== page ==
Volume 23, Number 3/4
Table of Contents
Research Data Challenges
Corporation for National Research Initiatives
Our March/April issue consists of four articles, a workshop report, and our usual collection of News and Events. The articles present an interestingly varied array of current topics of interest to research libraries, which we know from feedback and surveys are home to the majority of our readers.
We lead with ReplicationWiki: Improving Transparency in Social Sciences Research by Jan Höffler. Replication is an important topic in science and our ability to make data relatively easily available, and the new policies directing us to do so, bring the topic closer to home for data curators. The project described in this article looks mainly at economics research, covering over 300 replication studies and over 1600 empirical studies linked to availability of information needed for replication studies. The project will be of interest to those who care about the development of practices and standards for full replicability, which will in turn depend on the availability, and understandability, of the underlying data.
Our second article, by Lovins and Hillmann carries the interesting title of Broken-World Vocabularies. The 'broken-world' concept, as applied here, comes out of science and technology studies. The focus is not on innovation but on repairing a world in flux, in which sociotechnical systems seem in a constant state of change and dissolution. This concept is then applied to library metadata, particularly its integration into the semantic web. Bibliographic vocabularies of all kinds have always required maintenance but those existing workflows now need to adjust to more distributed and network centric environment. Wikipedia and GitHub are examined as possible examples of how to embed maintenance and repair into best practices.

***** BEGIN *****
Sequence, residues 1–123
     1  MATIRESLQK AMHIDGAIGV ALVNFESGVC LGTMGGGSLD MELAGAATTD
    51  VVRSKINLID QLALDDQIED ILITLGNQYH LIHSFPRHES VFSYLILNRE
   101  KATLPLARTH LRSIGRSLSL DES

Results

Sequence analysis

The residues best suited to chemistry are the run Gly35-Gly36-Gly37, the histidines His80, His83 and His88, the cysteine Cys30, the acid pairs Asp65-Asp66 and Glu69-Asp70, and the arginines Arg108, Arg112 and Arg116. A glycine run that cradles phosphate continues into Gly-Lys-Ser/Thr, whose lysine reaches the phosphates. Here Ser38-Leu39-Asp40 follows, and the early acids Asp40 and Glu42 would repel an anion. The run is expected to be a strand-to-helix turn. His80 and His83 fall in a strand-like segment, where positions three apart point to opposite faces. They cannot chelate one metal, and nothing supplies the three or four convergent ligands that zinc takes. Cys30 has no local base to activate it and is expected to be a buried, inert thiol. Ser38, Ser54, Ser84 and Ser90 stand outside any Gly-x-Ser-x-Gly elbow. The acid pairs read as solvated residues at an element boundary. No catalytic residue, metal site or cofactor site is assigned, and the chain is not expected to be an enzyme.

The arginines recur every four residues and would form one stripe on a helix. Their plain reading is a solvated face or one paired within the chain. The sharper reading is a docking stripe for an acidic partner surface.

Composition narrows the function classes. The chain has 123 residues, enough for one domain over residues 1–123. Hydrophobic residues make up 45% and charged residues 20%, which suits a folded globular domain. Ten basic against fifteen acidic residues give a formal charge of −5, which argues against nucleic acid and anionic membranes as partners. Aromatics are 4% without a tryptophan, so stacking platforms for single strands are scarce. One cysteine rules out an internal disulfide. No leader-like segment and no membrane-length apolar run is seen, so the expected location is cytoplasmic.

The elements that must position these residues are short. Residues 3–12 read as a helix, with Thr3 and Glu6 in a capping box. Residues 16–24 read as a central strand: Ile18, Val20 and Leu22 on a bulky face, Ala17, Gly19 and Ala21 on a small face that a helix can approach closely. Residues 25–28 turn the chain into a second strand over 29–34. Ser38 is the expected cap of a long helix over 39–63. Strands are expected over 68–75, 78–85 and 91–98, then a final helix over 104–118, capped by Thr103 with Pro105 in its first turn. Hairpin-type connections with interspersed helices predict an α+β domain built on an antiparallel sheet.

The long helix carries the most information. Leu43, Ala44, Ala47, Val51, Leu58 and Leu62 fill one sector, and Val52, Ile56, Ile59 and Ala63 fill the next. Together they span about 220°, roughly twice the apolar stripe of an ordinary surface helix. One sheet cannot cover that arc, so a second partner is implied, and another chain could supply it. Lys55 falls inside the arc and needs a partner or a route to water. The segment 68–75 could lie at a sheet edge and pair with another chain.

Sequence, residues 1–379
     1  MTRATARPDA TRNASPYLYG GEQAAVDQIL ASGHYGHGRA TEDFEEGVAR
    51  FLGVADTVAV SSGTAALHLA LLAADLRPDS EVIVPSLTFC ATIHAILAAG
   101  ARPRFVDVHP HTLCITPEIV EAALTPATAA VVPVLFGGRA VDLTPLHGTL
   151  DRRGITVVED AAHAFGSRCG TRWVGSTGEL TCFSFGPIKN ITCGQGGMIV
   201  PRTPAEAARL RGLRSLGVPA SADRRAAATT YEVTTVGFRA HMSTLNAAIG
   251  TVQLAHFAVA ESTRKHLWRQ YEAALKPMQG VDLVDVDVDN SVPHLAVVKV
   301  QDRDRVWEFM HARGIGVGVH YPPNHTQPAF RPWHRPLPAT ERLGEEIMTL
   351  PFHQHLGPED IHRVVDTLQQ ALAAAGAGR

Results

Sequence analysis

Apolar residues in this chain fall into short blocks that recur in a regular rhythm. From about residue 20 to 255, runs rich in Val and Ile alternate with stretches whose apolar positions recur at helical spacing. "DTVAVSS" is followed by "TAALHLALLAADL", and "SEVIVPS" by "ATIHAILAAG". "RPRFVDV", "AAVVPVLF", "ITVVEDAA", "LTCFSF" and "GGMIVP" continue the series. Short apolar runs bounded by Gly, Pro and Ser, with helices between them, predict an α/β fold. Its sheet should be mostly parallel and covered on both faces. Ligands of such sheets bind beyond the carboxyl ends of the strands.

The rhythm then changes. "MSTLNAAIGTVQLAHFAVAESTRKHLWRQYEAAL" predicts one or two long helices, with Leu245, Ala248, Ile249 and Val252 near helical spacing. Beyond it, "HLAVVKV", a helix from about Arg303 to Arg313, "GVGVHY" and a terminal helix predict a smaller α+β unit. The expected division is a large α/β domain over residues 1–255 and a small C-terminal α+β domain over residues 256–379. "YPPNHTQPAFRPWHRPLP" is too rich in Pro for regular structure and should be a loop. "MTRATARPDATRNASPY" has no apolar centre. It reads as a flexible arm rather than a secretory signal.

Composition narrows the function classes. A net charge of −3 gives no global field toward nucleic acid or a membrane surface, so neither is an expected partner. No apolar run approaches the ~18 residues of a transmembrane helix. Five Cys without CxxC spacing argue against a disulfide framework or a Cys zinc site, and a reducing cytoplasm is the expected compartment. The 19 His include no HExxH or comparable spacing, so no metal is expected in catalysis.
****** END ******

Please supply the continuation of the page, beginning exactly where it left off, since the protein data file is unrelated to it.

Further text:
Kindling et al. present an analysis of research data repositories (RDR) in The Landscape of Research Repositories in 2015: a re3data Analysis. The authors take a snapshot of the well-known research data repository registry re3data and conduct a thorough statistical analysis of the 1,381 repository entries available at that time. The results include breakdowns by institutional type, country, repository type, domain, content type, policies, access conditions, and available services. The authors are unsurprised to find a quite varied landscape and end with a set of recommendations aimed at increasing RDR compatibility with community-approved standards.
Our fourth and final article, by Joachim Schöpfel, looks at Open Access to Scientific Information in Emerging Countries. The countries examined are the BRICS: Brazil, Russia, India, China, and South Africa. Each country is different and the history of and future challenges to open access that each face is examined in detail. While both traditional publishing and open access is dominated by the developed West, the BRICS are rising in global influence and the future of scientific information access will in part be determined by the evolution of the BRICS in this area.
About the Editor
Laurence Lannom is Director of Information Services and Vice President at Corporation for National Research Initiatives (CNRI), where he works with organizations in both the public and private sectors to develop experimental and pilot applications of advanced networking and information management technologies.